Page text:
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Wynton’s Blog

  • Joe Temperley and Wycliffe and everybody came to my house on 18th street to run over the music

    Posted on December 24th, 2015 | 2

    This is from a 1989 concert that was aired on PBS under the banner of Live at Lincoln Center. It was called Ray Charles in Concert, A Classical Jazz Christmas with Wynton Marsalis.   Keep reading »

  • These two pieces are from Blood on the Fields. They represent opposing religious perspectives.

    Posted on December 23rd, 2015

    These two pieces are from Blood on the Fields. They represent opposing religious perspectives. What a Friend We Have in Jesus, speaks of granting forgiveness, being accepting and waiting for the afterlife to be fulfilled. God Don’t Like Ugly, speaks of retribution and of fire and brimstone descending on evil doers. For me, both together represent a single 360 degree viewpoint on how religion can alleviate pain and create consciousness in a very difficult circumstance.   Keep reading »

  • I first met Walter Blanding in a master class at LaGuardia High School

    Posted on December 22nd, 2015 | 1

    I first met Walter Blanding in a master class at LaGuardia High School for the Performing Arts in New York City. It was 1986 or so, and he was a dread locked 15/16 year old playing a whole lot of saxophone. We played Take the A Train. Yeah… A year later, I conducted an all-star high jazz band with him, Christian McBride, Farid Baron, Lil John Roberts, and other fantastic young musicians from Philly, New York and Washington D.C.   Keep reading »

  • In 1992, I wrote a ballet for the fantastic New York City Ballet. One movement had to be a train

    Posted on December 21st, 2015

    I grew up with the Mississippi River on the southern end of my block and a train track on the northern end. I loved both. In 1992, I wrote a ballet for the fantastic New York City Ballet. One movement had to be a train. It is called Express Crossing and features all kinds of train onomatopoeia train and goes different tempos and moods.   Keep reading »

  • Psalm 26 represents my first attempt to write for more than two horns

    Posted on December 20th, 2015

    Because I spent my high school years largely playing funk, jazz funk, and some of my father and drummer James Black’s music, my understanding of the blues and American vernacular music came through whatever was to be found in these styles and the few other gigs I would stumble upon from time to time: church gigs that required knowledge of hymns like The Old Rugged Cross, clubs that required songs like Blueberry Hill, parades that required songs like Panama or Lil Liza Jane.   Keep reading »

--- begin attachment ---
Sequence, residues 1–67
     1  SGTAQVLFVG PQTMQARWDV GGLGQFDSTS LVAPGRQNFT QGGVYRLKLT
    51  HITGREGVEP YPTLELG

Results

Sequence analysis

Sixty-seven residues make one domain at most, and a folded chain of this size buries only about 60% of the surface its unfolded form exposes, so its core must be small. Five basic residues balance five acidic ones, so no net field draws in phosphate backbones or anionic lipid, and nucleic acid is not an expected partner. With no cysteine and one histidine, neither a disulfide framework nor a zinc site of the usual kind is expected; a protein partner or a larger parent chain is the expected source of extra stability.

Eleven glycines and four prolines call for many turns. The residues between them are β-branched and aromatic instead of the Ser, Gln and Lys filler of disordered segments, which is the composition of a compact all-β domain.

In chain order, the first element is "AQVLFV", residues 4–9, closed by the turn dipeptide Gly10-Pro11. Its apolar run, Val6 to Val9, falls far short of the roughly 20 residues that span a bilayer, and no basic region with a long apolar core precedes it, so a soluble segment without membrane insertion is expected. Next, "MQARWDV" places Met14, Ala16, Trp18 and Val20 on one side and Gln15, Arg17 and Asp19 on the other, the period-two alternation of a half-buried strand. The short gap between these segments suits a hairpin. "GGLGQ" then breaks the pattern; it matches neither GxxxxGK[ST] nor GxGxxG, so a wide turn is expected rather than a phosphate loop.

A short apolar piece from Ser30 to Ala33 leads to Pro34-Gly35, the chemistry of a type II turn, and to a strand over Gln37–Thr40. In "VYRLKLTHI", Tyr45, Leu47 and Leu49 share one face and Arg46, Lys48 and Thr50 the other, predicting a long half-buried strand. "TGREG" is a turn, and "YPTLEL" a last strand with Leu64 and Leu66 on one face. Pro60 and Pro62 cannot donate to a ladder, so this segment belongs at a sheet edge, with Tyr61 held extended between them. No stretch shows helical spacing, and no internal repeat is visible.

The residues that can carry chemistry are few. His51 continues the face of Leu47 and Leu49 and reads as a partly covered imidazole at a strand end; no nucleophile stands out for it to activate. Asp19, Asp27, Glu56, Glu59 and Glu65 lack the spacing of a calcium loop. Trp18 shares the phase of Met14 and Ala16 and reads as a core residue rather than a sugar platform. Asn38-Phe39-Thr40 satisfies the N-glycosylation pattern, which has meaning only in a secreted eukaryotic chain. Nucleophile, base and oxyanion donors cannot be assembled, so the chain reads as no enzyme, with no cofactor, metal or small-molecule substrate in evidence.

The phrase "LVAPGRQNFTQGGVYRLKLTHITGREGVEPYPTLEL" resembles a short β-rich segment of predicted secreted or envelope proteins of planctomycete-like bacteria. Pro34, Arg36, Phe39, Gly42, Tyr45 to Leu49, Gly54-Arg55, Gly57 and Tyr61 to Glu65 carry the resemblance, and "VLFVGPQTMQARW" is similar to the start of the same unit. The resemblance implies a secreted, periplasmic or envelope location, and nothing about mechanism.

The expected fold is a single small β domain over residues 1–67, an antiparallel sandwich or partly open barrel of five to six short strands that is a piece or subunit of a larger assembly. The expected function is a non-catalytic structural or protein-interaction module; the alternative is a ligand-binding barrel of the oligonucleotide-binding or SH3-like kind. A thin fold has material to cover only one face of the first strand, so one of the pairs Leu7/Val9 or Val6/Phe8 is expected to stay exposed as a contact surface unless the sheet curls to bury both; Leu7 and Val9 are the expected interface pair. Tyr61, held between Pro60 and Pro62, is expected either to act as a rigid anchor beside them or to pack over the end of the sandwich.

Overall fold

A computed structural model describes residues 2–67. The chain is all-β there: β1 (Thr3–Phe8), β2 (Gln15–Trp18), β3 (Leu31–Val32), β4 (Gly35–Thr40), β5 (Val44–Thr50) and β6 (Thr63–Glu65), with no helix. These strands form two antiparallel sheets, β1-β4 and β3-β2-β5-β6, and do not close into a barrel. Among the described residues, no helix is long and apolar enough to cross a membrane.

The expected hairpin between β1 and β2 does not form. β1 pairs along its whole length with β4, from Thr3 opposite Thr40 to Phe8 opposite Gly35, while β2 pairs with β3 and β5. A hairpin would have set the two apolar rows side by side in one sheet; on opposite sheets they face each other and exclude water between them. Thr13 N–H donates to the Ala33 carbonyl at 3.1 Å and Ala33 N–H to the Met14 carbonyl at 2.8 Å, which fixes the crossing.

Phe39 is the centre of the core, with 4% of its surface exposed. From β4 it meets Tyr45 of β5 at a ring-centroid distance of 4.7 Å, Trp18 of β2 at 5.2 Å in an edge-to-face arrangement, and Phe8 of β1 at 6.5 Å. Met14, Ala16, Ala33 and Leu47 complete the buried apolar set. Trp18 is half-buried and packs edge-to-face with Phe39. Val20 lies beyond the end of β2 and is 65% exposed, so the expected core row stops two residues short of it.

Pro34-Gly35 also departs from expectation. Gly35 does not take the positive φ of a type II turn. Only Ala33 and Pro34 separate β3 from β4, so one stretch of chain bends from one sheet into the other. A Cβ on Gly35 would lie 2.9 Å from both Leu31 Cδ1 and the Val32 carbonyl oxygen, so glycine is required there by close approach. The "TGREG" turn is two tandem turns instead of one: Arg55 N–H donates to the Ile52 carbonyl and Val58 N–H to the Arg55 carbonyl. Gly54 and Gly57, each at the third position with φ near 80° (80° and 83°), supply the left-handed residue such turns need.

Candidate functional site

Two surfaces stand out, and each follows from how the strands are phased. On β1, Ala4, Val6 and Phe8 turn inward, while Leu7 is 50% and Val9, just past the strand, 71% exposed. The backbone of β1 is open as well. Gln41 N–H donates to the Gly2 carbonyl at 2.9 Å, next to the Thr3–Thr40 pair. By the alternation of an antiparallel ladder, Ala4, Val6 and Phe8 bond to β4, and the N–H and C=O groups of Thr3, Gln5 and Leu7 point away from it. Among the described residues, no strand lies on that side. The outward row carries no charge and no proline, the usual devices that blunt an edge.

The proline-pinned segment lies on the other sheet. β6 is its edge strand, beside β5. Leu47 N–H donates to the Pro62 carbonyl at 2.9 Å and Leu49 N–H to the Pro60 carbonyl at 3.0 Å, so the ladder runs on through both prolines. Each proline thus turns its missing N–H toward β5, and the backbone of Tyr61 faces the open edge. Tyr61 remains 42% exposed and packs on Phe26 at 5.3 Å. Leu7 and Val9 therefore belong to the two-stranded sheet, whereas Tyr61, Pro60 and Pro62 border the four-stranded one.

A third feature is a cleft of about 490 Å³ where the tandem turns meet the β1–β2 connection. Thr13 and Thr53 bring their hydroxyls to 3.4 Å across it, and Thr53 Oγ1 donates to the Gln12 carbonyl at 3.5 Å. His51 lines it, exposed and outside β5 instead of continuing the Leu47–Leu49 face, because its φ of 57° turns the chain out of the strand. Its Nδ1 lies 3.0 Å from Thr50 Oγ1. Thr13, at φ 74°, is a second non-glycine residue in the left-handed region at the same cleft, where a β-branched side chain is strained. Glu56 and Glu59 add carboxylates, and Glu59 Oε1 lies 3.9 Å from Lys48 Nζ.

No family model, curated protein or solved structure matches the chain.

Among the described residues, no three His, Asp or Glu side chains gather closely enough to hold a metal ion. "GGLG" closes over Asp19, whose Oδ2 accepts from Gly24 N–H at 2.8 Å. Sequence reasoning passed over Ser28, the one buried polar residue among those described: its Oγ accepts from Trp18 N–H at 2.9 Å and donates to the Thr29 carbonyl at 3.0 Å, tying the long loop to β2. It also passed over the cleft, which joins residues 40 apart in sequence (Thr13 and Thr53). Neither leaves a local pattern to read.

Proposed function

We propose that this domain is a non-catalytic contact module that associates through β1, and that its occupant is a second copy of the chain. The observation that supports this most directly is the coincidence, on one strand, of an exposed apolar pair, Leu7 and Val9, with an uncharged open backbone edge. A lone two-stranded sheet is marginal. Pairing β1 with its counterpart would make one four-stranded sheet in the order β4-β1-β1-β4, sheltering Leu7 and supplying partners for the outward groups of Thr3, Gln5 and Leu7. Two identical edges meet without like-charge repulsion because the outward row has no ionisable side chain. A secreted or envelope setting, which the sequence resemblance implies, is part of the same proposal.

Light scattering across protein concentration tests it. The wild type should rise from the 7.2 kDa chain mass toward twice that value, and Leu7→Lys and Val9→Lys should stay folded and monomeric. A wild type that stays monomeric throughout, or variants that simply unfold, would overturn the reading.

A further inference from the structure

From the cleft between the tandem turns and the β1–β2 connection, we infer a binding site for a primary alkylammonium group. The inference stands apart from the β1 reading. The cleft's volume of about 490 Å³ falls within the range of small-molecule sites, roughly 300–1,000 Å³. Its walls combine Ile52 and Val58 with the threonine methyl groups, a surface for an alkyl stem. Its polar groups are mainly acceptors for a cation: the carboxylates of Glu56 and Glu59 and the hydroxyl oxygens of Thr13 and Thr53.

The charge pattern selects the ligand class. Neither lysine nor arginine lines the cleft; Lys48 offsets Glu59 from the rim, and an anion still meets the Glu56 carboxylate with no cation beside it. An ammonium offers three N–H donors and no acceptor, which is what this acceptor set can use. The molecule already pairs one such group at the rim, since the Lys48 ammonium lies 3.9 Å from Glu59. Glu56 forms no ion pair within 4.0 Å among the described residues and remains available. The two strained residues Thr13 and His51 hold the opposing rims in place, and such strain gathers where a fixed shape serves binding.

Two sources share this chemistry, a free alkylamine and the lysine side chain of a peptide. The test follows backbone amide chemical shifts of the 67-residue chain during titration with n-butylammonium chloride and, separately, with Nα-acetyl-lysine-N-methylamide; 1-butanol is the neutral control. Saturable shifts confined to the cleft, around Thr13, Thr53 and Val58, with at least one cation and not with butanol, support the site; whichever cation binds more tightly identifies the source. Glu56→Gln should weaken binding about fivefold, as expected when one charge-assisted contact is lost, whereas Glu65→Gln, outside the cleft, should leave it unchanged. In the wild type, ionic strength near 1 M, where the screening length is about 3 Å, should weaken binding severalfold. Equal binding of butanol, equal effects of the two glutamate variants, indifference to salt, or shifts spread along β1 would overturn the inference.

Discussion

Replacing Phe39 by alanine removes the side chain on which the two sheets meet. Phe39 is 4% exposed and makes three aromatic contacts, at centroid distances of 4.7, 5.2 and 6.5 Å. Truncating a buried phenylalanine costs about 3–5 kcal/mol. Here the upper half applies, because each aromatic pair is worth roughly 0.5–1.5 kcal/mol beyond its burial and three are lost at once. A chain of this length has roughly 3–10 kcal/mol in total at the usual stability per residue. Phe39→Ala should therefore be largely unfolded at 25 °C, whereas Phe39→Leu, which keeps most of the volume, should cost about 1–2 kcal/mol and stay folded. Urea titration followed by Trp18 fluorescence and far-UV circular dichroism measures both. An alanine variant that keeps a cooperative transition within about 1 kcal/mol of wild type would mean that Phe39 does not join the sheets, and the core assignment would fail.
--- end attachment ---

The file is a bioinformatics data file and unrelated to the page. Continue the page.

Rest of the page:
• All Rise: Movement 12 - I Am (Don’t You Run From Me)

    Posted on December 19th, 2015

    Luigi suggested that I pick 14 of my compositions that I feel are relevant to the holiday season and have some degree of sophistication. We will post these pieces from 7 days before Christmas through to the New Year. I have picked pieces that span my career and we will culminate with some unreleased sections of the Abyssinian Mass which will be available in the New Year.   Keep reading »

  • Take Robert E. Lee’s statue down and rename the Circle

    Posted on December 16th, 2015 | 2

    In October of 2005, after Hurricane Katrina devastated New Orleans, then Lieutenant Governor Mitch Landrieu and I appeared before the U.S. House joint committees of Transportation and Infrastructure to make a plea for what was needed to rebuild our city. Mitch is a fellow trumpet player and champion of healing our city through the arts. We first met in high school through some type of band program or music competition. His father, “Moon”, had been a transitional mayor for the city, challenging segregation and many of the ante-bellum perspectives that kept us mired in 19th century social practices and attitudes.   Keep reading »

  • Creole Contradanzas and Habanera

    Posted on September 28th, 2015 | 6

    These two pieces were written around the same time in the spring of 1995. They share the same ground rhythm, the Habanera. It is a rhythmic coefficient common to South and Central America, Cuba and the Caribbean Islands, many cultures in Africa, India, Pakistan and The Middle and Near East. A syncopated three beat pattern, I learned it growing up in New Orleans. We employ it in everything from traditional jazz to Mardi Gras Indian chants to Creole songs to funk tunes and on and on. We used to beat this rhythm out on anything available and invent rhymes on top of it like Handa Wanda Lil’ Mama.   Keep reading »

  • Performing with the National Children’s Orchestra of Great Britain

    Posted on August 15th, 2015 | 2

    Yesterday I had the honor of playing with the great trumpet section of the under 13 year olds of the National Children’s Orchestra of Great Britain.   Keep reading »

  • When Marcus arrived, the quality of human substance elevated and the level of interaction deepened

    Posted on May 27th, 2015 | 1

    This has been a rough year for trumpet players. We have lost many giants: Clark Terry, Wilmer Wise, Lew Soloff and this Sunday we said goodbye to Marcus Belgrave.   Keep reading »